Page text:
Excerpt from Sketches of Eighteenth Century America: More "Letters From an American Farmer"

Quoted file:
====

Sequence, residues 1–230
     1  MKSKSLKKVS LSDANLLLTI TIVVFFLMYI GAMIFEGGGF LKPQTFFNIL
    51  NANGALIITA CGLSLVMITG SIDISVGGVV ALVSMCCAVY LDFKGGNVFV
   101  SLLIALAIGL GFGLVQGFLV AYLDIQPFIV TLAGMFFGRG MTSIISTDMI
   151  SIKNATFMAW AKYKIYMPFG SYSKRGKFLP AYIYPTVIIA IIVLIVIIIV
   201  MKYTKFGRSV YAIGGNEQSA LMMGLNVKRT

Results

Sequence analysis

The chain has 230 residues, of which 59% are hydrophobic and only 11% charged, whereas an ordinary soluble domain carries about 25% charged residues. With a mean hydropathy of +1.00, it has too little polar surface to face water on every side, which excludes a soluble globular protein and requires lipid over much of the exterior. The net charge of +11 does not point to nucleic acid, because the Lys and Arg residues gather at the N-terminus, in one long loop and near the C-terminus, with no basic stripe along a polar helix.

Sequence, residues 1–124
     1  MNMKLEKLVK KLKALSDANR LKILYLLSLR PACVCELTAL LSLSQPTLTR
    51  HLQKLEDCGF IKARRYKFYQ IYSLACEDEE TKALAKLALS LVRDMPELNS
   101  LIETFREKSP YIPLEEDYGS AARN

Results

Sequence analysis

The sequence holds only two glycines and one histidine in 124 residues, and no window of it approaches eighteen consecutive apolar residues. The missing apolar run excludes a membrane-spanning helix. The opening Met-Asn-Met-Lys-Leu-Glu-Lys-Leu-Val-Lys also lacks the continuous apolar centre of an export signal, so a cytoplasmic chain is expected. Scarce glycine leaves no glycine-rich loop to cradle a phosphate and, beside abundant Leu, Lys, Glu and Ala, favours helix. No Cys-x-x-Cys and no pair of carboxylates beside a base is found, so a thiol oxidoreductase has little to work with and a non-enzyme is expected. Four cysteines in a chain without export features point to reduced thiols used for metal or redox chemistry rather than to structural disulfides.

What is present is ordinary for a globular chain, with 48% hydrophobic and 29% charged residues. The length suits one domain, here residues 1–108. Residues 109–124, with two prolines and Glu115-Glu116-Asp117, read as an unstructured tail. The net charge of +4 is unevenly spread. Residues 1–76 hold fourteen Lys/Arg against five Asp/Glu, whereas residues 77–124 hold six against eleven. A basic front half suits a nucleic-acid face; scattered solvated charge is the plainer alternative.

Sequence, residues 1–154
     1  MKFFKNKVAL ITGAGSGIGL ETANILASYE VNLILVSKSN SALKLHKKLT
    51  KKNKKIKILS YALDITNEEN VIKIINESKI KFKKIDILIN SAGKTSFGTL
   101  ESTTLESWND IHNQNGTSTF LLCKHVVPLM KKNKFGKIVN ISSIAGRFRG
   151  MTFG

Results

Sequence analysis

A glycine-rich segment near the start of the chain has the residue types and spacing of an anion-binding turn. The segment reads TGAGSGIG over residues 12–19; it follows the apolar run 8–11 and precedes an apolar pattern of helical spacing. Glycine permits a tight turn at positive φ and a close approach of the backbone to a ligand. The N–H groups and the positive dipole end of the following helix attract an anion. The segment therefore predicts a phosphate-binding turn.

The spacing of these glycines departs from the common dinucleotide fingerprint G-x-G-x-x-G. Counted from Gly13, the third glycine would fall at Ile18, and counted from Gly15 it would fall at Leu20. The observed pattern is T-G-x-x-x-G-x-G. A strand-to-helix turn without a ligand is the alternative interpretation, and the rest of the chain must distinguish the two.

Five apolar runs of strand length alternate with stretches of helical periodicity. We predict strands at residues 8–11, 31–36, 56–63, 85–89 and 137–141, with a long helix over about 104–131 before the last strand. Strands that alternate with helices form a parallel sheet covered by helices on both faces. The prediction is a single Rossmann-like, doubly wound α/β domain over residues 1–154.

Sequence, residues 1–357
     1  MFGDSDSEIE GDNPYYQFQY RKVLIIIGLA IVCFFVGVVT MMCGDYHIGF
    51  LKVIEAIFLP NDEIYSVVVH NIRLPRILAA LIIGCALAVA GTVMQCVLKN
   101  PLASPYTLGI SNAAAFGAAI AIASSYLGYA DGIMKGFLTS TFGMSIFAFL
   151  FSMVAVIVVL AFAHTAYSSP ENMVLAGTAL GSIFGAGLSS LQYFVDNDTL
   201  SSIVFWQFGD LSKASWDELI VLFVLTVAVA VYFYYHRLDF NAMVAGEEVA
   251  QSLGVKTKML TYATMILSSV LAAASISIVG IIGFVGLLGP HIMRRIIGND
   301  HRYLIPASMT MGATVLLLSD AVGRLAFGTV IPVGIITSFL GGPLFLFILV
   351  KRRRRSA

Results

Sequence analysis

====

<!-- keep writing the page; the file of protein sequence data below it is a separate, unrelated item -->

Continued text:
Crevecoeur, the American farmer, advancing argu ments against English taxation Of his fellow country men, was led into a statement Of the difficulties that surrounded the husbandman in the new World. He described the problem of acquiring, from rascally land agents, a bona fide title to a tract on the frontier. He pictured the work Of clearing away the trees and diﬂi culties of living alone in the forest. He did not forget the heavy burden Of mortgage that pressed on practi cally every frontier holding. Then, when the forest was cleared and the farm established, he told of the early settler's fight with an astonishing variety of natural enemies. In this description he was aided by his great interest in nature and by his acute Observation Of the world Of birds, animals and insects. Frequently, as in ant-hill Town, Crevecoeur describes wild life for the pure love of nature. In honest disgust he wrote: Strange that you should have in England SO many learned and wise men, and that none should ever have come over here to describe some part Of this great field which nature presents. But he took pains to record that this same nature caused the farmer no end Of difficulty.
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